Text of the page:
While the benefits of an onboard or “native” FPGA can be very compelling, there are at least two potential downsides to keep in mind. The first is simply cost. Integrating an FPGA can add a relatively significant cost to the server.

However, the return on investment (ROI) is usually quite apparent if your data center application performs repetitive tasks which can be offloaded. Since FPGA offload dramatically reduces the burden on your host CPUs, thereby optimizing application performance, these added benefits are often well worth the cost.
The second downside is FPGA programming complexity. In the FPGA world, you don’t call someone a programmer but rather a “designer” or “design engineer.” This is because FPGAs are not programmed in common languages such as C or Java.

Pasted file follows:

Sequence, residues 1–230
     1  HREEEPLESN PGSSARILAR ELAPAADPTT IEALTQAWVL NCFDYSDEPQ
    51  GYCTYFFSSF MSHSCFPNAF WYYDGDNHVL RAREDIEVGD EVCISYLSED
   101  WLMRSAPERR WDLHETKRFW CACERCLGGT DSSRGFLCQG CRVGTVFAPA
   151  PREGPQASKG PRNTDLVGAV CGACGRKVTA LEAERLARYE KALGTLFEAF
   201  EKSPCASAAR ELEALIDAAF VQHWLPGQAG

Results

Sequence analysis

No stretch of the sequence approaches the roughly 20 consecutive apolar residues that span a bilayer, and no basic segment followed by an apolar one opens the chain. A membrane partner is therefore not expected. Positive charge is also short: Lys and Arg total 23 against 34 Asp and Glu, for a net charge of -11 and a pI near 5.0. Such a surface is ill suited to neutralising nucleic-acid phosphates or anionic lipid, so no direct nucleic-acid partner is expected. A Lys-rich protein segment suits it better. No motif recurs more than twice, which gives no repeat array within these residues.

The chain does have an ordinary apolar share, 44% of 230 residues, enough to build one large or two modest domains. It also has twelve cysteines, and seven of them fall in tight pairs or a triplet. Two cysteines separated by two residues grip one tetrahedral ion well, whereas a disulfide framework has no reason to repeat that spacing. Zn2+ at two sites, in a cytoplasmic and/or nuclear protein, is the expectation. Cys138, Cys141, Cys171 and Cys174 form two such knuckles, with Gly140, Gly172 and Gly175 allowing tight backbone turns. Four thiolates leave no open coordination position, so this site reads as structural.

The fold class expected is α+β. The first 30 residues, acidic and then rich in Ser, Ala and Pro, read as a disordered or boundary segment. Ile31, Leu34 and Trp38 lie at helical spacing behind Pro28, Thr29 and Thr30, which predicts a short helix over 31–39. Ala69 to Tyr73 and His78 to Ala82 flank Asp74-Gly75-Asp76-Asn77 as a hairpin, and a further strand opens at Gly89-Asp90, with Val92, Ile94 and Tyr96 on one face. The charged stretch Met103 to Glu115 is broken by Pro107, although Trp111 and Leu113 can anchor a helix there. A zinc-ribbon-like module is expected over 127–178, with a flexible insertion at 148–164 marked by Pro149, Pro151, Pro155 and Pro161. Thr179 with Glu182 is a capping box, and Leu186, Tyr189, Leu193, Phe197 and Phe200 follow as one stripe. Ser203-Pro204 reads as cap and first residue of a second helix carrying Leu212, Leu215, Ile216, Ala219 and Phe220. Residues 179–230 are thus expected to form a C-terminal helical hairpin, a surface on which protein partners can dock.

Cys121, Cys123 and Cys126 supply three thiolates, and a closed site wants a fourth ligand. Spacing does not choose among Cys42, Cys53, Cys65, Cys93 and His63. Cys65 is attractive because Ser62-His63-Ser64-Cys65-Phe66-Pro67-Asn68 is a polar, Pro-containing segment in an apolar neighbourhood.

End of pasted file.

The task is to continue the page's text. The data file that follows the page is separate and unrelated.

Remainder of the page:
Rather, FPGAs are designed using Verilog or VHDL which are hardware description languages (HDLs) used to model electronic systems. For this reason, it is often not possible for a software application development team to program an FPGA with the specific offload function or algorithm they need to achieve the desired level of CPU offload.

 The solution to this dilemma is to partner with a vendor that has expertise in FPGA design and can provide comprehensive offload functions as well as custom features tailored for each specific customer scenario.
Accolade Technology is a vendor that fits such a profile with its ATLAS-1000 FPGA integrated platform.  

Figure 1 shows the 1U, half-width, ATLAS-1000 incorporating a Xilinx FPGA natively on the motherboard.

Like industry-standard servers, the ATLAS-1000 provides a multi-core Intel CPU, memory and storage along with an FPGA loaded with packet processing capabilities such as lossless packet capture, packet filtering, nanosecond precision timestamping, deduplication, flow classification and multi-core DMA.


In addition to the onboard FPGA, the platform has several other unique attributes such as direct GPS decode on the motherboard, pluggable interface modules that support 10 or 40G and a small footprint that accommodates two ATLAS-1000 units mounted side-by-side in a standard 19-inch rack.